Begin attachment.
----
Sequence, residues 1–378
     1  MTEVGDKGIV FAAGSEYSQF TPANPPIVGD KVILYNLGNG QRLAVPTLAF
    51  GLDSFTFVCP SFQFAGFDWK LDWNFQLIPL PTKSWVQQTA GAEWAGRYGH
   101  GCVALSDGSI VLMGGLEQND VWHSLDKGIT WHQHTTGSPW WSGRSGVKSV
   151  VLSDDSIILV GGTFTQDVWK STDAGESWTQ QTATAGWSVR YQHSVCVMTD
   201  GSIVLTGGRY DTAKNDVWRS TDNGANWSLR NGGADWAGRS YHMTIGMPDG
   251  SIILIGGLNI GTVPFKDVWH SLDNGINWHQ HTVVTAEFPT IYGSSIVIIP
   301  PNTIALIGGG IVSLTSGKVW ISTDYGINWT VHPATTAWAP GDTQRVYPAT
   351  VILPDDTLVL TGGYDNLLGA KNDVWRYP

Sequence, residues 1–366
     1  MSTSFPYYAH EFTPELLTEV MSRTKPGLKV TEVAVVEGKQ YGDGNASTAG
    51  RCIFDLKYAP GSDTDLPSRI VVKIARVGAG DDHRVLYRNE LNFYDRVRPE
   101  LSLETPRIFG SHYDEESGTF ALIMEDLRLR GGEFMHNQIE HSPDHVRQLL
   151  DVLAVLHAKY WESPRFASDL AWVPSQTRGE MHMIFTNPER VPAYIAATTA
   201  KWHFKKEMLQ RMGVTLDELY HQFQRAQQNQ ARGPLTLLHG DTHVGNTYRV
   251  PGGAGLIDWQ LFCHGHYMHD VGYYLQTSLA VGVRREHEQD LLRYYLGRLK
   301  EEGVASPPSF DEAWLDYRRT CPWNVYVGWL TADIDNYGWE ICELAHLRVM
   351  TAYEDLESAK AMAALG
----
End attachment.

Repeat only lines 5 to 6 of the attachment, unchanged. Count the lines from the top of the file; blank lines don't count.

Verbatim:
   151  VLSDDSIILV GGTFTQDVWK STDAGESWTQ QTATAGWSVR YQHSVCVMTD
   201  GSIVLTGGRY DTAKNDVWRS TDNGANWSLR NGGADWAGRS YHMTIGMPDG